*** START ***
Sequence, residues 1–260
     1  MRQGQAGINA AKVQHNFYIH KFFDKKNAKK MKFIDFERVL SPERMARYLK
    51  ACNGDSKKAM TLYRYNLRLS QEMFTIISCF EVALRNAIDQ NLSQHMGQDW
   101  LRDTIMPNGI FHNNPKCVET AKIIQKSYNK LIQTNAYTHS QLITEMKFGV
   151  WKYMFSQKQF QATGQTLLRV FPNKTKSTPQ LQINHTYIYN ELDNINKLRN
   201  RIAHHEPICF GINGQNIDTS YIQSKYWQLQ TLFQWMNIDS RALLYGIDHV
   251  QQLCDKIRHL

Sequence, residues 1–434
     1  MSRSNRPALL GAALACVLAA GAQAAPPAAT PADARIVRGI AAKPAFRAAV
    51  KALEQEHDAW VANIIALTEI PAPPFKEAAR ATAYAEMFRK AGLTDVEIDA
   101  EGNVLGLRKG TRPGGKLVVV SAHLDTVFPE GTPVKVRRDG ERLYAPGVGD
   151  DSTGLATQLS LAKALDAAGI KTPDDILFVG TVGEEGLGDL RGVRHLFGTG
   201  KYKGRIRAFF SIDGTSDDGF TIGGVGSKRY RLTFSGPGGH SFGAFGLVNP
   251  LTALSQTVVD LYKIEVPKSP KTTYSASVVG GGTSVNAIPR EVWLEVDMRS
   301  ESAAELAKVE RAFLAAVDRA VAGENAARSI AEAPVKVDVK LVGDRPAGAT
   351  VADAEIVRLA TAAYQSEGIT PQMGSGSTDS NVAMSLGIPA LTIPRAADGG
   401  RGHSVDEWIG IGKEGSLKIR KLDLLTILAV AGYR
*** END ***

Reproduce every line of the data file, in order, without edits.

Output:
Sequence, residues 1–260
     1  MRQGQAGINA AKVQHNFYIH KFFDKKNAKK MKFIDFERVL SPERMARYLK
    51  ACNGDSKKAM TLYRYNLRLS QEMFTIISCF EVALRNAIDQ NLSQHMGQDW
   101  LRDTIMPNGI FHNNPKCVET AKIIQKSYNK LIQTNAYTHS QLITEMKFGV
   151  WKYMFSQKQF QATGQTLLRV FPNKTKSTPQ LQINHTYIYN ELDNINKLRN
   201  RIAHHEPICF GINGQNIDTS YIQSKYWQLQ TLFQWMNIDS RALLYGIDHV
   251  QQLCDKIRHL

Sequence, residues 1–434
     1  MSRSNRPALL GAALACVLAA GAQAAPPAAT PADARIVRGI AAKPAFRAAV
    51  KALEQEHDAW VANIIALTEI PAPPFKEAAR ATAYAEMFRK AGLTDVEIDA
   101  EGNVLGLRKG TRPGGKLVVV SAHLDTVFPE GTPVKVRRDG ERLYAPGVGD
   151  DSTGLATQLS LAKALDAAGI KTPDDILFVG TVGEEGLGDL RGVRHLFGTG
   201  KYKGRIRAFF SIDGTSDDGF TIGGVGSKRY RLTFSGPGGH SFGAFGLVNP
   251  LTALSQTVVD LYKIEVPKSP KTTYSASVVG GGTSVNAIPR EVWLEVDMRS
   301  ESAAELAKVE RAFLAAVDRA VAGENAARSI AEAPVKVDVK LVGDRPAGAT
   351  VADAEIVRLA TAAYQSEGIT PQMGSGSTDS NVAMSLGIPA LTIPRAADGG
   401  RGHSVDEWIG IGKEGSLKIR KLDLLTILAV AGYR